Star Trek Discovery Review– “Through the Valley of Shadows”

Burnham and Beard-Spock encounter a mystery in space; Pike confronts the Klingons and his own future.

Titles: “Through the Valley of Shadows”

Directed by Douglas Aarniokoski
Written by Bo Yeon Kim and Erika Lippoldt

Sonequa Martin-Green as Michael Burnham
Anson Mount as Captain Christopher Pike
Doug Jones as Commander Saru
Ethan Peck as Mr. Spock
Shazad Latif as Ash Tyler
Ali Momen as Kamran Gant
Mary Chieffo as L’Rell
Kenneth Mitchell as Klingon Monk
Anthony Rapp as Commander Paul Stamets
Mary Wiseman as Ensign Sylvia Tilly
Alan Van Sprang as Leland
Wilson Cruz as Dr. Hugh Culber
Emily Coutts as Lt. Keyla Detmer
Rachael Ancheril as Cmdr. Nhan
Patrick Kwok-Choon as Lt. Gen Rhys
Oyin Oladejo as Lt. Joann Owosekun
Ronnie Rowe as Lt. R.A. Bryce
Raven Dauda as Dr. Tracy Pollard
Sara Mitich as Lt. Nilsson
Tig Notaro as Jet Reno
David Benjamin Tomlinson as Linus
Mia Kirshner as Amanda Grayson
Ian James Corlett as Section 31 Computer
Julianne Grossman as Discovery Computer


Two stories play out and the Discovery finds itself in a cliffhanger, with two episodes remaining in this season.

High Point:

While the plotting of the Boreth storyline needs work, it features excellent visuals and a strong performance by Anson Mount. We get impressive views of the monastery and its surroundings, first introduced in Next Generation. The Klingons themselves strike a balance between Discovery‘s prosthetic-heavy faces and more familiar Klingon make-up. The most memorable part of this story remains Pike’s harrowing vision of his own future.

Low Point:

The reasons why the Klingons hand over the time crystal remain unclear, Control threat notwithstanding. Have they used the crystals to see the future? And why does Pike have to see his future? It makes sense from a storytelling/quest perspective, I guess, but I see no reason intrinsic to the characters and Trek’s world as depicted.

Also, once again, “Time Crystal.”

The Scores:

Originality: 2/6

Effects: 6/6 This episode makes the most of effects budget, with complex space shots and an alien world.

Acting: 5/6 The main cast do well. Linus is amusing. Tig Notaro as Jet Reno demonstrates how a strong actor and character can elevate a mundane scene.

Production: 6/6

Emotional Response: 5/6 The episode receives an extra point for Pike’s vision.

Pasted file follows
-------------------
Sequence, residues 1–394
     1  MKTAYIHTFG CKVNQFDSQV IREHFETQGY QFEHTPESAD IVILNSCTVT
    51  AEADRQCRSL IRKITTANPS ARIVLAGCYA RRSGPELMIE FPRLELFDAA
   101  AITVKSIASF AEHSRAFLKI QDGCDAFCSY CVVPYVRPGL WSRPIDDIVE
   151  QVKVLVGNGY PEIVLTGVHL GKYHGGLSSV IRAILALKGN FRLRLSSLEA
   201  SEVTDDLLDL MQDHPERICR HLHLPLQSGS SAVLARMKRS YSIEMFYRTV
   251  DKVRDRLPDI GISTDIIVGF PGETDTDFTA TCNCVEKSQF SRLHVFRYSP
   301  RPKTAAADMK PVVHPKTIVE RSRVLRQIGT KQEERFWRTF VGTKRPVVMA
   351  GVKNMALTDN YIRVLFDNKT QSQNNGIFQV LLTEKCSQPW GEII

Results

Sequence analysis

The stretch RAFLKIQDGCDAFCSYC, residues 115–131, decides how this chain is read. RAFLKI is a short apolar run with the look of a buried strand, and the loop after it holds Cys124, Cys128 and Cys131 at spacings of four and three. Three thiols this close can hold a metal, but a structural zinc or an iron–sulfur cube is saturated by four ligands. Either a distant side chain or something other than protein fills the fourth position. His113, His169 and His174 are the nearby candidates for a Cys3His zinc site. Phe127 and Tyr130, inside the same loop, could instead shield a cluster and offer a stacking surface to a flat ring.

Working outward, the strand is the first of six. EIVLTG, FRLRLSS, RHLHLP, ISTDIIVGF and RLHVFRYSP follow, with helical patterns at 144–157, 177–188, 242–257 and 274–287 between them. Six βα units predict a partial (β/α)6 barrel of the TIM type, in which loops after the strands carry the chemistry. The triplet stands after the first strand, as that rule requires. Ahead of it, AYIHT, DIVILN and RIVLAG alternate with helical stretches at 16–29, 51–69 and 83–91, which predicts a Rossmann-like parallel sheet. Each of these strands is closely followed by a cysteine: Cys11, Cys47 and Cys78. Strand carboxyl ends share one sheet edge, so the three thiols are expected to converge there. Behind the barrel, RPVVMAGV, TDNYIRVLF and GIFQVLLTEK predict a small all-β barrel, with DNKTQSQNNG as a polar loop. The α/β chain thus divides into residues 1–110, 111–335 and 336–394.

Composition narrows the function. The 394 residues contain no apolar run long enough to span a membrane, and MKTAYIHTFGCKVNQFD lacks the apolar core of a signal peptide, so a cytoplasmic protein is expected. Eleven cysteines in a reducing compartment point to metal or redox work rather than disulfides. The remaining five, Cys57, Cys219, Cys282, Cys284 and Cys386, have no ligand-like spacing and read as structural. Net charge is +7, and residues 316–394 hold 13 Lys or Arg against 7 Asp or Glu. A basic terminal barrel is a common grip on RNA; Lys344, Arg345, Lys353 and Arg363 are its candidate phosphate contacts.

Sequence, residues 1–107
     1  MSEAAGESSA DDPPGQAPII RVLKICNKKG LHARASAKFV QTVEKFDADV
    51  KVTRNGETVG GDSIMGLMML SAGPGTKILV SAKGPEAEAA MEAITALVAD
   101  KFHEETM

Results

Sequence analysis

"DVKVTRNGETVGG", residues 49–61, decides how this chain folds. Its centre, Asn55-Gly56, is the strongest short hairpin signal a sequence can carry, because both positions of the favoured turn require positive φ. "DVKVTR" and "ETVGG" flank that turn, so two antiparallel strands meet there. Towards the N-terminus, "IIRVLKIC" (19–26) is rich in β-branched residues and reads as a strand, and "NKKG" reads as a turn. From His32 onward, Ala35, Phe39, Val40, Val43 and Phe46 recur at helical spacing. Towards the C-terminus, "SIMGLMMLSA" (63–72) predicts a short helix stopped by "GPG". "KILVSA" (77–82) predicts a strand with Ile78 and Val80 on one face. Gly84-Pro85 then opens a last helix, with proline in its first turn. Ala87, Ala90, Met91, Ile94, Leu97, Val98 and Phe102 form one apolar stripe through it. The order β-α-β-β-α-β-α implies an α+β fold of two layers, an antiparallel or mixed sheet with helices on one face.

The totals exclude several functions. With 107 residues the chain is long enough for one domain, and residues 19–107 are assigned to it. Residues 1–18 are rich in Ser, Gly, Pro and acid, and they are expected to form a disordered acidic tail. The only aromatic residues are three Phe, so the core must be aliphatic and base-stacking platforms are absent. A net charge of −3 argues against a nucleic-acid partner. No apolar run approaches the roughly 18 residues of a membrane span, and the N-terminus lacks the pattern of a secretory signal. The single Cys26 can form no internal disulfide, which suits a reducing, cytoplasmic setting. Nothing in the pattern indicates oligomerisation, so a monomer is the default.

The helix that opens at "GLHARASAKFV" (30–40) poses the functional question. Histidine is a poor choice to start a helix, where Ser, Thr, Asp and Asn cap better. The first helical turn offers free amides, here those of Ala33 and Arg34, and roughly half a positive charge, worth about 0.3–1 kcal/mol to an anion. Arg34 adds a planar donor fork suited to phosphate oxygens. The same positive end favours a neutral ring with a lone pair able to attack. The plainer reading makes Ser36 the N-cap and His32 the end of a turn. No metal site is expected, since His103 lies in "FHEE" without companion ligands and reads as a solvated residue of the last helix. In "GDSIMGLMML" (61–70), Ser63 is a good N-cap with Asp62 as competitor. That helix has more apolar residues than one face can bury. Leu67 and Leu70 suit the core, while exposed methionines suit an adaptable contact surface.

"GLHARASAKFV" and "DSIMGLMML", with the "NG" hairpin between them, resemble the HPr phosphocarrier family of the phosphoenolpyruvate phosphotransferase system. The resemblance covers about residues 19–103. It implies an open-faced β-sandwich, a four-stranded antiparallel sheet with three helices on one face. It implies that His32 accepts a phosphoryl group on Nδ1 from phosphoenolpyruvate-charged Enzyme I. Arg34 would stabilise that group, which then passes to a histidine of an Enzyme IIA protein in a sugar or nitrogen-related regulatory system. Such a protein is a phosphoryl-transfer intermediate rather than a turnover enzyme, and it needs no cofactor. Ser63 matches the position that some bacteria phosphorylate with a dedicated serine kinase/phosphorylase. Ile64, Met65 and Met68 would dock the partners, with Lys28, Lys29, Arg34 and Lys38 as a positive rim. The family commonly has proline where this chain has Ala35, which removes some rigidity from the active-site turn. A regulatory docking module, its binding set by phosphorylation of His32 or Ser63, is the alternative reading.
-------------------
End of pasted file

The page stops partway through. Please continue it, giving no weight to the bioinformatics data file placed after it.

Story: 4/6: This week’s plots prove interesting, even if Pike’s quest to get a time crystal consists mainly of fan service. I have taken into account, however, that we’re very much mid-plot.

Overall: 5/6

In total, “Through the Valley of Shadows” receives 33/42

3 replies on “Star Trek Discovery Review– “Through the Valley of Shadows””

  1. I loved Pike’s reaction to his future. The scene played out beautifully, and within a brief moment, you see him realize his life was essentially forfeit, was going to end in torment and pain, and that meant that he was giving his life for and accepting life in hell for his duty to Starfleet, and after the briefest consideration, he says he signed on and pledged his life, and as far as he was concerned, he’d already accepted that was the outcome, so he was willing to do it. It all happens with a few looks and words, and it’s over before you know it.

    Pike is becoming my favorite, especially after his line the other week: “Giving up our values in the name of security is to lose the battle in advance.”

    Also, the shot of the shuttlecraft taking off and exiting Discovery was breathtaking.

    • Not to detract from the moment, but you’ve also got to consider that declining would mean he’s probably dead anyway, along with all other sentient life, unless they manage to figure out a viable alternate plan to stop Control. That doesn’t change the nature of the decision but would perhaps make it, and especially the personal consequences, a little easier to bear.

      Then again, they’re basically planning on nixing a timeline that has already happened from the perspective of The Red Angel and Future-Control. If that can be done, then why should Pike believe his own future is irrevocably set in stone?

      • I didn’t even thing of it in the context of the AIpocalyse. Maybe, seeing what he saw told him that he does succeed in stopping Control because he was still fleshy, but… yeah, he could have been seeing himself as a drone for Control…

        That’s still a pretty powerful moment.

Comments are closed.